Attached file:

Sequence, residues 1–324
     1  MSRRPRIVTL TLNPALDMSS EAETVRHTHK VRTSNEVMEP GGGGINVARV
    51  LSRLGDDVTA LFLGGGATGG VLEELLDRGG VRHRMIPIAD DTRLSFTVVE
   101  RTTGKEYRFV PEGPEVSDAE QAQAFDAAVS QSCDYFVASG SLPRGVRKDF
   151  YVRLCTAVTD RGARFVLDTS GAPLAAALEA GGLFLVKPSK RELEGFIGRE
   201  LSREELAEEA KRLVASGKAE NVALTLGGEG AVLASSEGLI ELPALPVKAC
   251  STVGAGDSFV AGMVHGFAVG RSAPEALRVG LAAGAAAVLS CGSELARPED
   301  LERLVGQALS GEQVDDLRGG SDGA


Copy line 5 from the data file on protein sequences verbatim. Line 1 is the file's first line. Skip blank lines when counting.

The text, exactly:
   151  YVRLCTAVTD RGARFVLDTS GAPLAAALEA GGLFLVKPSK RELEGFIGRE